It wasn’t like I was seeing another film, but it was like I was seeing what I had already seen with a different set of eyes, if that makes any sense whatsoever (go with it). The patches of the film that seemed long or self-indulgent were redeemed by the fact that I knew what to anticipate. For instance, the opening 20-plus minute dialogue scene between Col. Hans Landa (Christophe Waltz) and the dairy farmer who is hiding Jews under his kitchen floorboards seemed to drag in my initial viewing, but after revisiting it, the scene seemed more tense, more tightly constructed, as if every breathstroke were composed with the most minute attention to detail. There is a rap that Landa does about the similarity of Jews to rats. I initially thought that this was just Tarantino getting off on the sound of his own words, but it serves a much greater function of heightening the farmer’s discomfort and setting up Landa’s arrogance about his own estimable importance. It may not have the bizarre wit and twisted dialogue of some other classic Tarantino scenes, but it does have a vital consideration for character and tension that is extremely important for the film.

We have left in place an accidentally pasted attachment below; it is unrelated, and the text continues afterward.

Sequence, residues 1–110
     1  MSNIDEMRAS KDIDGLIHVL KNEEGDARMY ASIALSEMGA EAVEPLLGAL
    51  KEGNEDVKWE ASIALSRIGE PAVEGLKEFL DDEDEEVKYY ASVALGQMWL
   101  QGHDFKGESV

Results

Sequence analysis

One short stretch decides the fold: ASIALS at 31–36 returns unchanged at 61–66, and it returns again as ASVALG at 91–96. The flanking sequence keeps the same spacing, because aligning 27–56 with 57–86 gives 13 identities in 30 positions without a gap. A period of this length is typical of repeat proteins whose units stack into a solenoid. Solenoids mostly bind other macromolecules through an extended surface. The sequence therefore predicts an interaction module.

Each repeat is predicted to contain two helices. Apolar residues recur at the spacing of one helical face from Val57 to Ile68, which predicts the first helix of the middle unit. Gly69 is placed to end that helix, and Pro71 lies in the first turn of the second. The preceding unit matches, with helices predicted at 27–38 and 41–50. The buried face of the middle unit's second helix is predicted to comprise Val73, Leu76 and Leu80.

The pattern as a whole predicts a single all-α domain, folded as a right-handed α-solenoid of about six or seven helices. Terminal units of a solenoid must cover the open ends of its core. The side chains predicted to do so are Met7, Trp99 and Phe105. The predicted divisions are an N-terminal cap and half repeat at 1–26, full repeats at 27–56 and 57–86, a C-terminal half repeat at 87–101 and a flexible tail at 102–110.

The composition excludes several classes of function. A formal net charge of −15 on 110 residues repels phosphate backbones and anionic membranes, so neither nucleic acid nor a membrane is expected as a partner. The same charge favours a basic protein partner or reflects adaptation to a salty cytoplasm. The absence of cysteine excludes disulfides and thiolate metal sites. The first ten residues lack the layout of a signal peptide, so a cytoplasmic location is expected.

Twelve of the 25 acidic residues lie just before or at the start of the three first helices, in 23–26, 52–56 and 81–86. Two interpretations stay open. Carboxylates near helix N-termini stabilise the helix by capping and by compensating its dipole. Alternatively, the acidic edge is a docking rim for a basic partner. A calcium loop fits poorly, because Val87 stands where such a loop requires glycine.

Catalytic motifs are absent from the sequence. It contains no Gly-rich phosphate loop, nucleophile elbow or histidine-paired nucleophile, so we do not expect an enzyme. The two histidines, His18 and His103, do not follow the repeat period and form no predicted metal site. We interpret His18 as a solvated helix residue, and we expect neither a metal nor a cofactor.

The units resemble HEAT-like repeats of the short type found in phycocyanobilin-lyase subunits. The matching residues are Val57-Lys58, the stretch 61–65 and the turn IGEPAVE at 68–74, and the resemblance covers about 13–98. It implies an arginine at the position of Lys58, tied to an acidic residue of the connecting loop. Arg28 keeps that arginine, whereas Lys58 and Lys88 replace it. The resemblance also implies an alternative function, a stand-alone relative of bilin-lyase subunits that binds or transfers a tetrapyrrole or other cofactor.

But the pleasant surprises and reconsiderations didn’t stop there. Brad Pitt’s performance, which seemed broad and cartoonish in my first viewing, felt oddly authentic in the second look. Pitt is giving a performance, knows it, wants you to know it, and wants to have fun, which he succeeds at merrily. Tarantino’s reveal of Eli Roth as the Bear Jew (or, as I like to refer to him, Donny Donowitz, one of the great Tarantino names) still feels a little long winded, but you can’t beat the masochistic thrill of having Roth shout “Teddy-fuckin-ball game went fuckin yard on that one” after stomping out a German soldier’s head with a baseball bat. The protracted scene in the bar involving Operation Kino’s initial rendezvous of the Allied players (led by Michael Fassbender) with their German double agent (Diane Kruger), which seemed excrutiatingly long in my first viewing, moved along swimmingly upon second viewing. I don’t know what to attribute this to. I think because I knew when to expect the moment of massacre, I spent every moment leading up to it in giddy anticipation.